David Foster Wallace’s description of soulless monotony is my wake-up call

David Foster Wallace is my favorite writer in that typical way where his stories feel written with me in mind and I associate his work with specific moments in my life. One story, “The Soul is Not a Smithy,” stands out in particular. I return to it once or twice per year as a mental grounding.

In it, the protagonist jumps between a few real and imaginary storylines. One storyline is the author being held hostage in elementary school by a substitute teacher who has a breakdown while instructing civics class. Another is a daydream of the protagonist who, as a child, cannot stay focused and his imagination bleeds into reality. The central daydream is composed like a comic book where the story continues from pane to pane, eventually becoming nightmarish. However, interspersed between the real and imagined traumas are daydreams about his father’s suffocatingly monotonous office and home life.

This sequence in particular grips me and requires re-reads and then minutes to put the book down and think. It is the protagonist imagining his father at his office and then suddenly himself being warped into the office:

The dream was of a large room full of men in suits and ties seated at rows of great grey desks, bent forward over the papers on their desks, motionless, silent, in a monochrome room or hall under long banks of high lumen fluorescents, the men’s faces puffy and seamed with adult tension and wear and appearing to hang slightly loose, the way someone’s face can go flaccid and loose when he seems to be staring at something without really seeing it. I acknowledge that I could never convey just what was so dreadful about this tableau of a bright, utterly silent room full of men immersed in rote work. […]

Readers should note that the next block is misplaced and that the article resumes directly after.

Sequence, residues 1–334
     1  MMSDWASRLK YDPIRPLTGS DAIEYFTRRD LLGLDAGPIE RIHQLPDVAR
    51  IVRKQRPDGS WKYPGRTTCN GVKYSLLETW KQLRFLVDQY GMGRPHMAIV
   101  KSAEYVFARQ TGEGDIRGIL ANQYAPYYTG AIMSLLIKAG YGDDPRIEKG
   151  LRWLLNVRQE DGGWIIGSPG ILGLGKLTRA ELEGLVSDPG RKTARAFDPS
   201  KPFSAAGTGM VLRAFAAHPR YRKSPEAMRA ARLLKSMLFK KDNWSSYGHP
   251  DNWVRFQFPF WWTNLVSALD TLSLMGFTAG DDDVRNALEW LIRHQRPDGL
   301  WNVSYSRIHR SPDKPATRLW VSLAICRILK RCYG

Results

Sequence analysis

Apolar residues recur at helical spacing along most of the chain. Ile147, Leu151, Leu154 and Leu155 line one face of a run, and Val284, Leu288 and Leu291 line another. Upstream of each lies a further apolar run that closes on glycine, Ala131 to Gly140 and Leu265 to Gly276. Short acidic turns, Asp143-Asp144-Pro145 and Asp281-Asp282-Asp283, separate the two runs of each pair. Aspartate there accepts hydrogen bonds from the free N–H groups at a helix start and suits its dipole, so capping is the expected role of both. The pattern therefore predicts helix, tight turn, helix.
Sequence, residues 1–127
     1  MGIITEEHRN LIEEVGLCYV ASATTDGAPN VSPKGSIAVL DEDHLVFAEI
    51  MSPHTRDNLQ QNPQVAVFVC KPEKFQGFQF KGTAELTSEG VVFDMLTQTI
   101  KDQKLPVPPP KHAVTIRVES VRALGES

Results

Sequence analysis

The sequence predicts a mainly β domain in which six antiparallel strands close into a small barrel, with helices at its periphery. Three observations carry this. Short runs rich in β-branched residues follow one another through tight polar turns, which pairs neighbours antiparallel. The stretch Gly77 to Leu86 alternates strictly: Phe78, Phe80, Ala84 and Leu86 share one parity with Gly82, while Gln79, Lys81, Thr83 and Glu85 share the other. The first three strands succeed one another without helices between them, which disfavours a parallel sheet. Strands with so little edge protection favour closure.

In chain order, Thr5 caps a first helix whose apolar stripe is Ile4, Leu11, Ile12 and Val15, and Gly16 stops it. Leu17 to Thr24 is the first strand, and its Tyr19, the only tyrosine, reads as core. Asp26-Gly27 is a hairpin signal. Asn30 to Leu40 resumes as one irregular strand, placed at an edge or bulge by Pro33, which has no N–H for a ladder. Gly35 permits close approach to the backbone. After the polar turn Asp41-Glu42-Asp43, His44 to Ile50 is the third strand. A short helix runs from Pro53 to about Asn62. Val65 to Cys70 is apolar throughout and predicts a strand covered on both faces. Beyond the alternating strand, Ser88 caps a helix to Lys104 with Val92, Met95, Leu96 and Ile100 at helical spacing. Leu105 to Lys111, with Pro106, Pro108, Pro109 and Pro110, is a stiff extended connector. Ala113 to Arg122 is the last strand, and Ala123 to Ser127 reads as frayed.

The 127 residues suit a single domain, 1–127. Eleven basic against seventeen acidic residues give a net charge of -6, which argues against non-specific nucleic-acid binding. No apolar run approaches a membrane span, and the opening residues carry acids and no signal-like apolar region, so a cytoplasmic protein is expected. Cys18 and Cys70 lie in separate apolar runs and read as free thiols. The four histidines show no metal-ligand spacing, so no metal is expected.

Then…

And at a certain point in the interval, in the middle of removing a paper clip or opening a desk drawer (there is no sound), I look up and into the lens of the dream’s perspective and stare back at myself, but without any sign of recognition on my face, nor of happiness or fright or despair or appeal — the eyes are flat and opaque, and only mine in the way that a very old album’s photo of you as a child in a setting you have no memory of is nevertheless you — and in the dream, as our eyes meet, it is impossible to know what the adult me is seeing or how I am reacting or if there is anything in there at all.

I’m especially drawn to the detail DFW gives to faces in these passages (“…seamed with adult tension and wear”). There’s quiet panic and indifference simultaneously, like a trap that’s gone off but is no longer alarming.

I remember reading these excerpts for the first time and having to set the book down. I had the kind of sudden energy burst that you want to let out all at once. It’s not unlike the feeling I had every so often as a kid, where I was in the basement and suddenly ran up the stairs as fast as I could, two steps at a time, because of some imagined threat.

What Wallace wrote above is my adult version of the boogeyman. I get it every so often as a gut check. If I caught my reflection, is the face looking back at me dead-eyed and indifferent?

Wallace’s body of work looks at how we handle the absence created by boredom.We use entertainment or drugs to escape. If we choose to be conscious, we can see the beauty in mundane moments. Boredom might even be a transcendent experience.

“The Soul is Not a Smithy” doesn’t offer any positive revelations in this storyline. It’s arresting in its dullness. It captures the spectatorship which so many of us extend to our entire lives.

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